At our first writers’ group meeting of 2020, we discussed our writing plans for this year.
Only two of our members had created comprehensive plans with timelines and deadlines. I admire those writers, because even though I have a list of what I’d like to write this year, I haven’t set any deadlines.
Have you created your writing plans? If you’re not a writer, have you created plans and deadlines for what you want to achieve this year?
Writing plans: where, when, and what will you write?
One writer made this excellent point: you can’t create goals with deadlines until you know where, when and what you’ll write.
Make these decisions first:
- Where will you write? If you don’t have a home office, consider creating a “writing box”. Any storage box will do. Keep notebooks, pens and reference books in your box, so that you can write while sitting on the living room sofa, or even in your car.
- When will you write? First thing in the morning, before work? Late at night? In your lunch hour? Schedule your writing time. We’ve looked at writing apps which will help you to write anywhere.
- What will you write? Make a list of what you’d like to write and publish this year.
Now let’s look at some strategies to help you to achieve your goals.
1. Break through inertia: warm up with pre-writing exercises
Do you find yourself sitting at your computer and staring at a blinking cursor in Scrivener or MS Word?
An author in our writing group swears by this tactic: “I retype the last five paragraphs I wrote. That gets me back into a writing mood.”
Many fiction authors create character journals: try writing a journal entry as one of your fictional characters.
Alternatively, you can use writing exercises.
2. Practice writing your scenes in “zero” drafts: build up each scene (fiction) or chapter (nonfiction)
A zero draft is similar to an artist’s sketch. You can sketch out a scene in your novel, or a chapter in nonfiction.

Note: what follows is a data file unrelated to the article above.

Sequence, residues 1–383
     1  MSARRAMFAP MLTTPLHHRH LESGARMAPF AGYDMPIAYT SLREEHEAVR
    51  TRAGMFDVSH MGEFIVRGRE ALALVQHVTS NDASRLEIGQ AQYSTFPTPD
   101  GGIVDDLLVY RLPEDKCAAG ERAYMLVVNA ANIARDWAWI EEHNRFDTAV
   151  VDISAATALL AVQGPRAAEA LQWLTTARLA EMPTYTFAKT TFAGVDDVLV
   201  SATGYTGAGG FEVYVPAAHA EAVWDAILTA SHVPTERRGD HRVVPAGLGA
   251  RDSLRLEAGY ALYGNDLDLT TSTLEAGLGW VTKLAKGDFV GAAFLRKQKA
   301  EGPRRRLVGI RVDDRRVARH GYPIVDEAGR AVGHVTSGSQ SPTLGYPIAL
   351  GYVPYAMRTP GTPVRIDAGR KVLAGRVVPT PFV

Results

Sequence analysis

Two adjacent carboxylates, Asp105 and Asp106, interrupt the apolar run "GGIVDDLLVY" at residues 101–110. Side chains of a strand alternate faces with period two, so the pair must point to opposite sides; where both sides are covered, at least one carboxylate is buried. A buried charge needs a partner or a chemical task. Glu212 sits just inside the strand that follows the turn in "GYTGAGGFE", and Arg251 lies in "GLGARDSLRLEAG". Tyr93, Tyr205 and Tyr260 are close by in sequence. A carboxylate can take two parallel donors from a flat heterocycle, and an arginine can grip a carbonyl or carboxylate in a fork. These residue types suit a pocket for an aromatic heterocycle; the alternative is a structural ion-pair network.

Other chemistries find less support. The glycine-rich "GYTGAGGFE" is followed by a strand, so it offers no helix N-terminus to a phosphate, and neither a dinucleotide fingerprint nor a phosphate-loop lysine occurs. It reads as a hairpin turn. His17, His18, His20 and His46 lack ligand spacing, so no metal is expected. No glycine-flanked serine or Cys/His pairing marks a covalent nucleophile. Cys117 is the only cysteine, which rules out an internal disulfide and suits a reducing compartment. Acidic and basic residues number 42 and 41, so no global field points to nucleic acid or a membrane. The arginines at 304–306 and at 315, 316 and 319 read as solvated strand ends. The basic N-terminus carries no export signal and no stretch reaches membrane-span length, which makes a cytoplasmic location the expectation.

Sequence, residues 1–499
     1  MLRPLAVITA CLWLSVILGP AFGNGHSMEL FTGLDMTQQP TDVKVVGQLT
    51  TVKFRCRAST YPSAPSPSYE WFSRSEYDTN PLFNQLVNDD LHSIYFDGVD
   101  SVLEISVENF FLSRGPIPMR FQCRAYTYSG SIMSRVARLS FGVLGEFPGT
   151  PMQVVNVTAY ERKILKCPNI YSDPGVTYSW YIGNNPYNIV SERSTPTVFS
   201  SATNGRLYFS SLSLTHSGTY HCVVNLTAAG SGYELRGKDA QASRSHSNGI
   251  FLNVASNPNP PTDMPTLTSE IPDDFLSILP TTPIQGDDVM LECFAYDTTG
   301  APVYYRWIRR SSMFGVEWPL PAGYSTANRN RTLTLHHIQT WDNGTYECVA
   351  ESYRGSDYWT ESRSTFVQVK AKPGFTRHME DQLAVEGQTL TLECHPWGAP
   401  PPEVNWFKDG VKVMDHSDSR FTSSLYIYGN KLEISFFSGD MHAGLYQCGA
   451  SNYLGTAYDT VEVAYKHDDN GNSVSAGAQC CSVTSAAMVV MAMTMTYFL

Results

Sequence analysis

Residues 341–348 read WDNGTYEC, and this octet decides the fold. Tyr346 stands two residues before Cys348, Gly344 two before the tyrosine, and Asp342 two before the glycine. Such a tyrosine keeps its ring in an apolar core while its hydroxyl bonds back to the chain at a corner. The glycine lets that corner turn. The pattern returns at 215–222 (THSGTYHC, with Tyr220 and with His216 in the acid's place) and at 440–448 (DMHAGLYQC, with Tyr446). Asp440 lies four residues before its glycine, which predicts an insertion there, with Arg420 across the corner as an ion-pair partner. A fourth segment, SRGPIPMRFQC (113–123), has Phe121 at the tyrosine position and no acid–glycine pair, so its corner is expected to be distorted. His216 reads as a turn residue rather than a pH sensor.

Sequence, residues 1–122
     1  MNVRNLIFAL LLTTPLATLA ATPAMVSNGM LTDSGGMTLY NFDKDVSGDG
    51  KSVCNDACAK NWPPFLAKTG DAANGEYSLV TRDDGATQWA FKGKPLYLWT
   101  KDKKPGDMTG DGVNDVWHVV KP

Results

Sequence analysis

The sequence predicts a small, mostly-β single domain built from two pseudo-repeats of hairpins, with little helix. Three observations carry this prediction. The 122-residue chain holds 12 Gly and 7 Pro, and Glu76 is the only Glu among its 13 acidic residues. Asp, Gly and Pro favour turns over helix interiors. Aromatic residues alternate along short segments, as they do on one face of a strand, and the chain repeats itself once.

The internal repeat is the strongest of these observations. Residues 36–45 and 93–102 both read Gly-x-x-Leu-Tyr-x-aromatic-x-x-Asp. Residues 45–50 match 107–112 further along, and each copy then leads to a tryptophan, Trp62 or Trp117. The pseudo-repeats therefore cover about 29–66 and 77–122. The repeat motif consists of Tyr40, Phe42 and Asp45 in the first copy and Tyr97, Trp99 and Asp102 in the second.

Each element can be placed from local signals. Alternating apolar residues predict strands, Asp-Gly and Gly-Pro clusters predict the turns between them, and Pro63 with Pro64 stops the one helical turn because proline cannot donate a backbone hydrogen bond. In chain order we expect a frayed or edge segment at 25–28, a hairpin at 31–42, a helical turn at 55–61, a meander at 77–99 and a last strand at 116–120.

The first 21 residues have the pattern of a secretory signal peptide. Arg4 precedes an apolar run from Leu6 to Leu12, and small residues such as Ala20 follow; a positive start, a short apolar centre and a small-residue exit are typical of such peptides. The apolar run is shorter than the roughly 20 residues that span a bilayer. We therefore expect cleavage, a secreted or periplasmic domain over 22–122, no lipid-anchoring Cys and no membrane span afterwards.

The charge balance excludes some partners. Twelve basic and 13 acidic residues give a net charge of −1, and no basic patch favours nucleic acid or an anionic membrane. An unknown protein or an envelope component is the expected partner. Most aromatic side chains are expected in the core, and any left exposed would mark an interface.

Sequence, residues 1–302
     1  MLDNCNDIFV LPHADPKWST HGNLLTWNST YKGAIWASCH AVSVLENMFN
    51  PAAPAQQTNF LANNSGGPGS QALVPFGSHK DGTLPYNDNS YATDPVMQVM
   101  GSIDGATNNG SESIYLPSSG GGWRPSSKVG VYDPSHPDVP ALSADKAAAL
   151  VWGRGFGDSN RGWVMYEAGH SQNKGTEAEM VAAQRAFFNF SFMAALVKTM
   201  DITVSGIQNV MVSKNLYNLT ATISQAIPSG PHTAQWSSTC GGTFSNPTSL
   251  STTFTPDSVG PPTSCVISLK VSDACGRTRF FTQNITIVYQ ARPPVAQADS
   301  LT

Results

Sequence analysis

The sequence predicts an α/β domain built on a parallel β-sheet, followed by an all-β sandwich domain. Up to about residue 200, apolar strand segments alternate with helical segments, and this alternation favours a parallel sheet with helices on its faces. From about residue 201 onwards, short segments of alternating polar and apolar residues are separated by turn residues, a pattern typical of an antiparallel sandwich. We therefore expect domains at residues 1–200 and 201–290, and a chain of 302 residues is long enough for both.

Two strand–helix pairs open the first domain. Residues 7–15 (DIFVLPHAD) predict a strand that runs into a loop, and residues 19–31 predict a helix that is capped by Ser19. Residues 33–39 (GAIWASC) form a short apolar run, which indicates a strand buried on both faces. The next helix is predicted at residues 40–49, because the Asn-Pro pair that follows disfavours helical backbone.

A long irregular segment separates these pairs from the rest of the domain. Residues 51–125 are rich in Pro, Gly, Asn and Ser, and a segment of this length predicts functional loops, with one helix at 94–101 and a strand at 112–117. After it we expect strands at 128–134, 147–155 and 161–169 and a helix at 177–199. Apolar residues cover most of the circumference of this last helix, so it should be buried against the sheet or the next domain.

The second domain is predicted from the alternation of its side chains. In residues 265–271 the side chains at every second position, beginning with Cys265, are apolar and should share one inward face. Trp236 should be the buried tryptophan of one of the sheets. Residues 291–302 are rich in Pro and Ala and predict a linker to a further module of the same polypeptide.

For example, you might decide that in the next scene in your cozy mystery, your sleuth questions a friend of the victim, who happens to be the police’s primary suspect.
Write your zero draft, which consists of:
- Notes on what needs to happen in the scene;
- A description of the state of mind of the viewpoint character in the scene: your sleuth might be determined to entrap the suspect;
- The dialogue.
To repeat, your zero draft is simply a sketch, so anything goes. Your sole aim is to get something on paper. Ignore word choice, dialogue tags, and description.
Once you’ve written a zero draft of a scene, expand on it, to flesh out the scene, before you write a zero draft of the next scene.
3. Join a writers’ group: get an accountability buddy
Writing is lonely and people who aren’t writers don’t understand how writing works. Look for a small writers’ group in your city, or online.
Once you’ve joined a group, get an accountability buddy. Decide on how often you’ll chat on the phone or exchange emails to talk about the progress you’ve each made. Once a week is good. It’s helpful to find a buddy who writes in a similar genre to yours.
After you’ve created your writing plans, review them regularly
Plans tend to fall apart quickly. We get busy, or there’s an emergency, so we forget about our plans.
Schedule a weekly review of your plan. Try using a bullet journal. BuJos help, whether you’re writing fiction or nonfiction.
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